John Whalen says issues related to conserving native fish species dominated much of his work during 16 years as regional fisheries manager in Spokane.
“There’s a lot going on,” he said in typical understatement.
Listing of Snake River Basin salmon and steelhead stocks under endangered species protections requires coordination with federal agencies for every move, including the setting of fishing seasons.
“Bull trout protections affected our work across the region, and up north we had conservation issues with native redband trout, westslope cutthroat and white sturgeon,” he said. “We made progress on all of them.”
Funding from Bonneville Power Administration, Northwest Power and Conservation Council as well as from Avista, Seattle Power and Light and public utility districts made a huge difference in programs the state could undertake, he said. Much of that funding, legally required to mitigate hydropower’s impacts to fish and wildlife, was shared with the region’s tribes.
The Kalispel Tribe’s fish and wildlife program expanded significantly in recent years. The Tribe took a lead role in suppressing northern pike that moved into the Pend Oreille River.
“That funding allowed us to bring in good young talented people and develop more partnerships with sportsmen as well as Canada.”
Whalen started with the state’s fisheries agency in 1981 as a project technician operating fish traps on the South Fork Skykomish River. He continued working as a commercial salmon sampler and with steelhead and sea-run cutthroat trout in Western Washington.
His graduate school work involved bull trout on the Clark Fork River as well as projects with the Upper Columbia United Tribes in Western Washington as a fisheries biologist.
Whalen was hired as the Eastern Region’s Timber, Fish and Wildlife habitat biologist in 1987. He was promoted in 1999 to regional fisheries manager supervising seven staffers and overseeing the work of about 40 others across the 10-county region, including five hatcheries.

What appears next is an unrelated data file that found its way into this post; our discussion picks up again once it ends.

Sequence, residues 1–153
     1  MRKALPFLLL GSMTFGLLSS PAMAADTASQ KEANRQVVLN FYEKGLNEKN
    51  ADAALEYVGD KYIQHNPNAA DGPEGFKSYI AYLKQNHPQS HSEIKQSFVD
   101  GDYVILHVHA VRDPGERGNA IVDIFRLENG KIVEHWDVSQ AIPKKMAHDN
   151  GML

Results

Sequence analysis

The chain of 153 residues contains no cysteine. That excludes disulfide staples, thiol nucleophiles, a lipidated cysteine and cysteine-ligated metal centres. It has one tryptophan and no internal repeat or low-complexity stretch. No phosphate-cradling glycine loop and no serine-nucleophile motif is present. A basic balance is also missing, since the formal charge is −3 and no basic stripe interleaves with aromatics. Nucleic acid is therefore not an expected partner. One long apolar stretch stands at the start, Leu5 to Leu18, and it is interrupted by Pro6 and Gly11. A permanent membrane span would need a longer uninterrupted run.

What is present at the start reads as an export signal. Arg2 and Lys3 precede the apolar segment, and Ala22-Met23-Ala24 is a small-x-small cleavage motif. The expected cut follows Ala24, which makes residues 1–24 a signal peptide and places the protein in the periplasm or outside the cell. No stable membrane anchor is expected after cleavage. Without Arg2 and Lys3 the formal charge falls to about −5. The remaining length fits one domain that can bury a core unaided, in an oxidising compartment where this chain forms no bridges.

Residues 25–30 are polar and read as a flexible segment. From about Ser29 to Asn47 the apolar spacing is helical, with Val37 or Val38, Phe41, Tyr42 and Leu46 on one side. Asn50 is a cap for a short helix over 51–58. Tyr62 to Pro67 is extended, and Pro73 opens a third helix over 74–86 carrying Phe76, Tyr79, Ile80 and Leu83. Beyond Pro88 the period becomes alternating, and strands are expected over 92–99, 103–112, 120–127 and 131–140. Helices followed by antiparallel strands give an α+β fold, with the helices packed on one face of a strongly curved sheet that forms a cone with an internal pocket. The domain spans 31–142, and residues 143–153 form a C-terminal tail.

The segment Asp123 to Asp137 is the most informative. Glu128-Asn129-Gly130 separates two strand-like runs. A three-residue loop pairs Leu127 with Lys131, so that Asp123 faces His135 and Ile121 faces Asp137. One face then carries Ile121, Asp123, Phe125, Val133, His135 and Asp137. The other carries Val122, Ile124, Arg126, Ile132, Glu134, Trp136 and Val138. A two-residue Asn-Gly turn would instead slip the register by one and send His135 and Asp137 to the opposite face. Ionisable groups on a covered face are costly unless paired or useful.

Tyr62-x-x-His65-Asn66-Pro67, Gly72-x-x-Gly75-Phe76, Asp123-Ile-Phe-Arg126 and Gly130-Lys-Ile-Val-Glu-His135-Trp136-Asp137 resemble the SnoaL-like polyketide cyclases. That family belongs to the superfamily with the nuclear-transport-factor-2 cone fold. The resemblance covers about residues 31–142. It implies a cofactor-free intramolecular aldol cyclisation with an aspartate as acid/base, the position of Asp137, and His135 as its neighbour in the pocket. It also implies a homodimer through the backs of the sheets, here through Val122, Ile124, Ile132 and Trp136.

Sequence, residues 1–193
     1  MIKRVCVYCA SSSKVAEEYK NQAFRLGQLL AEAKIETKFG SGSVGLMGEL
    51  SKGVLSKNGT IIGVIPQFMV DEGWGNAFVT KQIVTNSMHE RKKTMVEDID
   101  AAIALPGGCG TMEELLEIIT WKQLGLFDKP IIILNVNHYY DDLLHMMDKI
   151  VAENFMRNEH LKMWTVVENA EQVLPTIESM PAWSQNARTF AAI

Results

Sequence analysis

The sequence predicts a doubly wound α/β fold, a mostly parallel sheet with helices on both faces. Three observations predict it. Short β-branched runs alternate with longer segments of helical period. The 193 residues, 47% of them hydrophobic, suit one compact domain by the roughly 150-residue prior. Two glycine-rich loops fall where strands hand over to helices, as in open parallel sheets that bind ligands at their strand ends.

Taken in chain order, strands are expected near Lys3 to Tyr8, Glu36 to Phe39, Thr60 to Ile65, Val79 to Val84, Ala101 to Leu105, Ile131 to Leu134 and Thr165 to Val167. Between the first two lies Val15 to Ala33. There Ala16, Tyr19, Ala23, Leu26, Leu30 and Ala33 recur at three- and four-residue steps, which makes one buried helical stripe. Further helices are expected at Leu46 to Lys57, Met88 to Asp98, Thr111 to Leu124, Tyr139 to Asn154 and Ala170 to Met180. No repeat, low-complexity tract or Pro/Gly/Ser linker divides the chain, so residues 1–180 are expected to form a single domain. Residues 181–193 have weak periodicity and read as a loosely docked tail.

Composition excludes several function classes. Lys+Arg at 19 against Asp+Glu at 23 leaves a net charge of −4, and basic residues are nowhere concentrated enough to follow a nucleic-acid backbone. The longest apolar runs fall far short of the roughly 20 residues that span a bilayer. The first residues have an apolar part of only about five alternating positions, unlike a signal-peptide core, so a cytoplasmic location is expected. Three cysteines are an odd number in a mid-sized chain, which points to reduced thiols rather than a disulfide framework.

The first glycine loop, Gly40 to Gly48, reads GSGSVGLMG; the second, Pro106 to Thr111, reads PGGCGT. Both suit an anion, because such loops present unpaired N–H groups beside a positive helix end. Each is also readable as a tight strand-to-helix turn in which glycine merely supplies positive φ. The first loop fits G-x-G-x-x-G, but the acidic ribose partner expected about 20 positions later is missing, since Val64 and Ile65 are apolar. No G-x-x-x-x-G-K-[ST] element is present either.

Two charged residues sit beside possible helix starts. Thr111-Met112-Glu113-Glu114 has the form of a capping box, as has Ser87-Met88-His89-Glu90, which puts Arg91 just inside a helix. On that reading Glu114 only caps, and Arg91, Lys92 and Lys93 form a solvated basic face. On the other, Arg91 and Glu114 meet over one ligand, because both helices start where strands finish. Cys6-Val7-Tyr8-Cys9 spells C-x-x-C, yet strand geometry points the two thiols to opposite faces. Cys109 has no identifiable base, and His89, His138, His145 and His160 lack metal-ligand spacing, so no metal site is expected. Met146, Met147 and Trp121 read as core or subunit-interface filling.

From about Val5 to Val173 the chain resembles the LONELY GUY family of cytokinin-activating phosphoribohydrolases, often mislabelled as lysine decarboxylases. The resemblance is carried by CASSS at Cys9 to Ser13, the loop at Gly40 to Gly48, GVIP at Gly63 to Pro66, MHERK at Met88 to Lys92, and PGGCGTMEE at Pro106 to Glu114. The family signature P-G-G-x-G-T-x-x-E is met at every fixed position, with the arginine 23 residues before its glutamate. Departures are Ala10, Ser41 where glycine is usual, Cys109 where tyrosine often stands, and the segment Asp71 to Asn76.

Not the least of Whalen’s job was administering Snake River anadromous fish management with federal and tribal authorities.
“The Lyons Ferry and Tucannon hatcheries were touch and go, but we managed them through tough budget times,” he said. “The result is some tremendous opportunity for steelhead and enhanced opportunity for fall chinook and maintaining spring chinook.”
Anglers supported a move to pay an extra “endorsement” fee with their fishing licenses to maintain the salmon and steelhead programs, he said.
Northeastern Washington lakes rank as some of the best fishing waters in the state largely because of funding partnerships and stocking, he said.
Whalen dealt with some verbal bruising during the rise and demise of northern pike in the Pend Oreille River.
“I realize there were some fabulous opportunities with high catch rates and big fish in the early years as the pike population was expanding,” he said. “But conservation-wise and sustainability-wise, it wasn’t going to happen. The department wanted to reduce the possible impacts to downstream endangered salmon. And we knew the pike were going to overpopulate and stunt.”
He said it was tough to go to public meetings and defend pike suppression with fishermen who were enjoying trophy action and local businesses that were reaping economic benefits.
“But it was a call we had to make. As the bass fishing is starting to come back, I think it’s a little easier for them to take. Our surveys indicate that both largemouth and smallmouth fisheries are coming on.”
Trying to balance conservation with recreational opportunity has resulted in what Whalen calls “convoluted” regulations.
“People always remind me that our fishing regulations used to fit on three pieces of paper you could fold and put in your pocket – and now the pamphlet is more like a phone book.
“But if a size or tackle restriction gives them more time on the water and more fish to catch, they support it.”
Sprague Lake’s fishery hasn’t perked into the panfishing mecca biologists envisioned after the 2007 rotenone rehabilitation project, he said.
“I’m still hopeful the panfish will populate. It’s a lot slower than I would like, but anglers should be watching it. The fishing for trout, and more recently, the stocked steelhead, has been very good, but the plan is for it to mature into a great fishery for bass and bluegill.”
Badger Lake is in need of a rotenone treatment to eliminate the introduced bass and sunfish population so it can be restored to its old glory as one of the most productive trout lakes in the state, he said.
“There’s always been a challenge in educating folks,” he said. “We’re not trying to create a monoculture trout fishery everywhere, but where history says it works, we know the public likes it.”
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